Research studies on long Covid:
The studies on long Covid are all over the place…
- Like this one in the Wall Street Journal, some articles claim that it is all in the patients’ heads.[ref]
- Some researchers writing published journal articles about long Covid aren’t convinced that it is a real condition. One study put it: “Critically, we should not dismiss their complaints as being all in their head. This may not be true and, even if correct, is not helpful. It is appropriate to acknowledge their distress, get those with fatigue or dyspnea in a structured exercise program, and work with all on symptomatic relief.”[ref] (This echoes a lot of research journal articles about ME/CFS — slyly inferring the fatigue was psychosomatic and the patients just needed some exercise, which has now been thoroughly debunked.)
- Many “studies” on long Covid are just surveys of symptoms or reviews of health record data to draw conclusions. These are surface-level or epidemiological studies that don’t tell us what is actually going on.
Importantly, though, researchers who are diving deeper and testing for physiological parameters are finding significant differences in patients with long Covid. I’ll cover these physiological and cellular differences in the next section.
Defining Long Covid:
Older people who had severe COVID-19 and ended up in the ICU often had long-term decreased functional capacity. This result is true for many other illnesses that include ICU stays — termed post-intensive care unit syndrome. For example, lung problems persist for many months for COVID-19 patients after the ICU stay. It makes sense when looking at the damage and cell death in the lungs.[ref]
Long covid (or long-haul covid) is a term usually applied to young or middle-aged adults who have lingering symptoms for a month or more after clearing the initial COVID-19 infection symptoms.[ref][ref][ref]
Long Covid symptoms commonly include:
- cognitive impairment (brain fog, problems thinking clearly)
- dyspnea (not breathing as well as normal)
- heart palpitations
- loss of taste or smell
- problems sleeping
- hair loss
- gynecological problems
- hyperhidrosis (sweating a lot)
These symptoms aren’t really new or unexpected:
It’s important to point out that long-term effects from viral infections have long been known and well researched. Here are a few examples of lingering viral effects:[ref][ref][ref][ref][ref]
- Some SARS and MERS patients had long-lasting significant impairments for years after their infections.
- Post-viral syndrome, which usually involves significant fatigue, muscle pain, brain fog, etc., occurs with Coxsackie virus, brucellosis, poliovirus, viral meningitis, Ross River virus, and Epstein-Barr virus.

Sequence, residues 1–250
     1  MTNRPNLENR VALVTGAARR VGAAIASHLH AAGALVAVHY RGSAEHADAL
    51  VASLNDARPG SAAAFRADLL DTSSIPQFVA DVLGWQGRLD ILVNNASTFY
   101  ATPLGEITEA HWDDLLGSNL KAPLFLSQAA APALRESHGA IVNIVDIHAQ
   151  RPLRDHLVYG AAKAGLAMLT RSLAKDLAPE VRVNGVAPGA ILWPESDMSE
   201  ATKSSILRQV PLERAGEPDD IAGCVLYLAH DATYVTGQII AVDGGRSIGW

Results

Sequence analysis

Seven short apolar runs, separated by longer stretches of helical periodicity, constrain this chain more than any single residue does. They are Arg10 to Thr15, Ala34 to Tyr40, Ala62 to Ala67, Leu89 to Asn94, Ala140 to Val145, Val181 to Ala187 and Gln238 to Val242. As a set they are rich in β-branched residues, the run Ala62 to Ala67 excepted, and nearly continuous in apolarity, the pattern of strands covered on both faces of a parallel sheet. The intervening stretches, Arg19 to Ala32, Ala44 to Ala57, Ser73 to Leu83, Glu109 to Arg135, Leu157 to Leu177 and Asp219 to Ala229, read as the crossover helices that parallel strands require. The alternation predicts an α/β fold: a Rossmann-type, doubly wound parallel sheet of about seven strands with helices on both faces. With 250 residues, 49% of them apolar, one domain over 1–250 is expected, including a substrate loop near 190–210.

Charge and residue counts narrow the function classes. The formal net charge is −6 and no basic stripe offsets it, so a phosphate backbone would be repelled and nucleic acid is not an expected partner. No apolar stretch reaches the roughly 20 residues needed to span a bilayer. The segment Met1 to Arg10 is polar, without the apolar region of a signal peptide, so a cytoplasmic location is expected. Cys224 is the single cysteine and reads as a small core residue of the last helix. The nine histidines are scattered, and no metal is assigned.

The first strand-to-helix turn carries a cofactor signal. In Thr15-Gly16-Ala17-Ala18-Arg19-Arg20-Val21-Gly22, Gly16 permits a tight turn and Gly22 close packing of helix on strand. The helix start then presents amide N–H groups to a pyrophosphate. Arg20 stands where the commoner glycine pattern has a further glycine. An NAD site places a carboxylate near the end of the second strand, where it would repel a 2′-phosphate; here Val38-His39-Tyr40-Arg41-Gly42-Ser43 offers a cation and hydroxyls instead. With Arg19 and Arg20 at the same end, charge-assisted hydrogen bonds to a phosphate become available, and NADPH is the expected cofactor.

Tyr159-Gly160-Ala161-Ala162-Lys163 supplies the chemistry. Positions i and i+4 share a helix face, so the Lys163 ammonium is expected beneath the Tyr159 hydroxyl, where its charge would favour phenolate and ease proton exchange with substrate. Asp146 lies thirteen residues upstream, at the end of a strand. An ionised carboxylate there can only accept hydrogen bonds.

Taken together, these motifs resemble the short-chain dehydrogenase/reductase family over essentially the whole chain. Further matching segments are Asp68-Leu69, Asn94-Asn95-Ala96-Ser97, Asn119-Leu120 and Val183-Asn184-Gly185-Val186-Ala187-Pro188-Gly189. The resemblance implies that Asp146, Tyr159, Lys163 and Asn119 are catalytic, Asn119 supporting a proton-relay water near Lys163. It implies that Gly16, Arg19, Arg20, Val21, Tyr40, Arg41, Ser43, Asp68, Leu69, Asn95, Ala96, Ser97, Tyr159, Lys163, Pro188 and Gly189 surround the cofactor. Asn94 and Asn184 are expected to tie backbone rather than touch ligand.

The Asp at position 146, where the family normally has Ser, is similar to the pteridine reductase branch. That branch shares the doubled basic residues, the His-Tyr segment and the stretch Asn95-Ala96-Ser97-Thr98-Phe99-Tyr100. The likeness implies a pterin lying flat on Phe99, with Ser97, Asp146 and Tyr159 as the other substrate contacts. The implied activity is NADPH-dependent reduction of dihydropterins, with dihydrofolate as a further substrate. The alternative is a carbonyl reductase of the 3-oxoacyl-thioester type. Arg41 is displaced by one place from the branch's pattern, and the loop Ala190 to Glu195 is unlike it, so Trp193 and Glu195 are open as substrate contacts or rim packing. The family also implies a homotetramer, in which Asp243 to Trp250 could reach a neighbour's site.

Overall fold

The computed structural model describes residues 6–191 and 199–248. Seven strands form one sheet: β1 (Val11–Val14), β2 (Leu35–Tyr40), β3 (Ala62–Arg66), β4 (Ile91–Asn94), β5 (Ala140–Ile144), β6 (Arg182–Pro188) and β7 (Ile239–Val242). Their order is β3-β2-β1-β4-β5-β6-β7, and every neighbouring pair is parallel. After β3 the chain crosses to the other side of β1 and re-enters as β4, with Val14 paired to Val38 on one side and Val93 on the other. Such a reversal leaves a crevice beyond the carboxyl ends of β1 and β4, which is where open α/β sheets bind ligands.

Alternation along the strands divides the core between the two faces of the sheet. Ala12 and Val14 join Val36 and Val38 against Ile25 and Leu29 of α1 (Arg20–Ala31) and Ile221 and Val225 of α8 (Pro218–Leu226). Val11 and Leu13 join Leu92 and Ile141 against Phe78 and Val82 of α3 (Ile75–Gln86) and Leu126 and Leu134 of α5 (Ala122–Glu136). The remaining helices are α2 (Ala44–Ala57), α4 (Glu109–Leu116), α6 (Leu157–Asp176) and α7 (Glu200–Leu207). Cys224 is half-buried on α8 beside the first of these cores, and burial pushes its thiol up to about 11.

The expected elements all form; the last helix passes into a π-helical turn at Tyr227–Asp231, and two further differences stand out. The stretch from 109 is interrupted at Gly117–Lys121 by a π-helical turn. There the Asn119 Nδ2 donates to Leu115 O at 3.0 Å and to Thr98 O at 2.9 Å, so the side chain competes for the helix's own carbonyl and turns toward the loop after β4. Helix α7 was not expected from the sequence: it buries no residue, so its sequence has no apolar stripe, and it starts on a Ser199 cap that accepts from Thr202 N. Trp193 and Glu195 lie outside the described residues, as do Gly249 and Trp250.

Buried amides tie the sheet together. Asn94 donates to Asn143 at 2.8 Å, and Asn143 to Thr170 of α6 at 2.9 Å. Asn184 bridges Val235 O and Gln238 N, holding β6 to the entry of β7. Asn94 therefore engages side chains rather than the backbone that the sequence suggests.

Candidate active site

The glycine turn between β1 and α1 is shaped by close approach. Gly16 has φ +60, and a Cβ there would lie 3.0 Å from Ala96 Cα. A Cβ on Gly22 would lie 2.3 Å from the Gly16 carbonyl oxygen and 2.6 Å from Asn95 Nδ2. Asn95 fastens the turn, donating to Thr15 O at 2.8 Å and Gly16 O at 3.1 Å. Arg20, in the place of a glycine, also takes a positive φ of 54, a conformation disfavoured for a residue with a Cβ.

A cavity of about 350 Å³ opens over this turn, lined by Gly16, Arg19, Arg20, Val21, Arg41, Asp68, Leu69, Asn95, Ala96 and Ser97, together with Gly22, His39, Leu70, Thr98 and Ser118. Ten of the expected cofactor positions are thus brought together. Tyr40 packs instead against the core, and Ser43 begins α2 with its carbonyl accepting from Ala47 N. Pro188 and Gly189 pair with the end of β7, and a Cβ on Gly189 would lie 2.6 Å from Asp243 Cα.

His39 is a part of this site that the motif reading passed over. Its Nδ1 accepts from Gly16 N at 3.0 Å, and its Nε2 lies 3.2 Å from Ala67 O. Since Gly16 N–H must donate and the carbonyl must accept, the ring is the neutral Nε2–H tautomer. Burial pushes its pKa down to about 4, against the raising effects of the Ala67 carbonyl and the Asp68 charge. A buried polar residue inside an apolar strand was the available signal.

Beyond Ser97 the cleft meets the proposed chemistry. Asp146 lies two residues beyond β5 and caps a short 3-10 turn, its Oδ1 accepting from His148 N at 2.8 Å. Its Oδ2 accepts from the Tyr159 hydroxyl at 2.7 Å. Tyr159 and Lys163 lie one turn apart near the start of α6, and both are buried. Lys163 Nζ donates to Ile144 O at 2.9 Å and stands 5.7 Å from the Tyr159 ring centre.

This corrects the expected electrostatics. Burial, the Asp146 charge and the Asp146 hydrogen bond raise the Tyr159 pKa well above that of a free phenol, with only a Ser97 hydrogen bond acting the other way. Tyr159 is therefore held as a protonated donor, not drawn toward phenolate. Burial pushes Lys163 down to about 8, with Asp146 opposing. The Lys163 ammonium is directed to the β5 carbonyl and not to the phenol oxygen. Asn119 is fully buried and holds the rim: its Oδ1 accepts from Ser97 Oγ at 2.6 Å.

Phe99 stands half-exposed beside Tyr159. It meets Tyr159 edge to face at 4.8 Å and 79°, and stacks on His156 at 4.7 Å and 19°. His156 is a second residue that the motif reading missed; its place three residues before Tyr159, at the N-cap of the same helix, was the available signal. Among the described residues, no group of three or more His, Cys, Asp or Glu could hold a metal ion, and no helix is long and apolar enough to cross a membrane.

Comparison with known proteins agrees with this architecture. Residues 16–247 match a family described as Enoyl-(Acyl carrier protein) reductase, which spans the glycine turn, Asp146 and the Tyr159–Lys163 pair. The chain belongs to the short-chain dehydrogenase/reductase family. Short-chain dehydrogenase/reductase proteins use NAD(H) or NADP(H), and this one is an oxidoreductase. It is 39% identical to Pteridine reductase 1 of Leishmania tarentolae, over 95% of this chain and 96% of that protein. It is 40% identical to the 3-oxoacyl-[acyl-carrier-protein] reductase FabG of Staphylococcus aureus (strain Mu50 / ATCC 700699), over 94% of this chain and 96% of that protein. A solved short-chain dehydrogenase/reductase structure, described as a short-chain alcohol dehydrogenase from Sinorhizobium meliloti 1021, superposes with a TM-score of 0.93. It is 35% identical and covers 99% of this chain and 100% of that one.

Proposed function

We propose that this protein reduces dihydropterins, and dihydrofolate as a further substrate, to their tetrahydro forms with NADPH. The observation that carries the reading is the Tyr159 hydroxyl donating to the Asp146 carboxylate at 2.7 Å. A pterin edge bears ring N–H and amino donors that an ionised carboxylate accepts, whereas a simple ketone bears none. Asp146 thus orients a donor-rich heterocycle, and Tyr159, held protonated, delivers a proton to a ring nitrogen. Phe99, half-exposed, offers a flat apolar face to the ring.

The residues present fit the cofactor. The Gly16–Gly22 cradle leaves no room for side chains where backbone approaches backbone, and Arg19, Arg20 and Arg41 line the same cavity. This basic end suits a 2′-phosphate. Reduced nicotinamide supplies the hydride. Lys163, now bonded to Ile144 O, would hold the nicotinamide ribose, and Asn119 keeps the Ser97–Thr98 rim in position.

- Hearing loss is a serious complication after having mumps.
- Poliovirus causes long-term disability.
- Zika virus and cytomegalovirus can have significant long-term effects on children if exposed as an infant.
- Herpes simplex 1 (the cause of cold sores) is linked to neurodegenerative disorders in aging.
Importantly, though, lingering viral symptoms are not well studied nor easily treated. Just because the post-Covid lingering effects are not unexpected, doesn’t mean that they shouldn’t be researched in depth.
Getting specific on the root cause of long Covid:
There are a number of theories on what is going on with long Covid, and the research here is not yet settled.
- The virus lingers in hidden reservoirs, or the virus is still active somewhere in the body.
- Tissue damage from the virus is driving chronic or acute inflammation that hasn’t been resolved.
- Alterations to the gut or oral microbiome cause lingering symptoms.
- Autoimmune disease has been triggered.
With the wide range of symptoms, it could be that several of the theories are true at the same time.
Let’s dig into some of the research findings:
- A recent study found that CD16+ monocytes had persistent spike (S1) proteins in patients with PASC (Post-acute sequelae of COVID) long after the infection should have cleared. CD16+ monocytes interact with the endothelium and with platelets.[ref]
- Another study found similar results with the spike protein found in a long Covid patient’s monocytes 15-months post-infection. Note: this was just the spike protein fragments found in the long Covid patients, not the full SARS-CoV-2 virus.[ref]
- Note that the spike protein is also given in the mRNA viruses. These studies on PASC/long Covid patients don’t include information on whether the patients were also vaccinated. A recent study published in Cell shows that the spike protein mRNA is present in some lymph nodes eight weeks after vaccination.[ref]
Reactivation of Epstein-Barr Virus: A study of patients with long Covid showed that 67% had positive Epstein-Barr titers showing a reactivation of the virus. (Only 10% of the control group had active Epstein-Barr virus titers.) The study concludes: “These findings suggest that many long COVID symptoms may not be a direct result of the SARS-CoV-2 virus but may be the result of COVID-19 inflammation-induced EBV reactivation.”[ref]
Persistent clotting problems and inflammation: A study looked at plasma samples from long Covid /PASC patients and found large anomalous deposits (microclots). The clots were resistant to fibrinolysis. Additionally, the researchers noted various inflammatory cytokines that were elevated in long Covid patients, including “α(2)-antiplasmin (α2AP), various fibrinogen chains, as well as Serum Amyloid A (SAA)”.[ref] Serum amyloid A is an acute-phase protein indicating active inflammation.
Altered microbiome: Changes to the gut microbiome or oral microbiome due to SARS-CoV-2 could lead to immune dysregulation and chronic inflammation.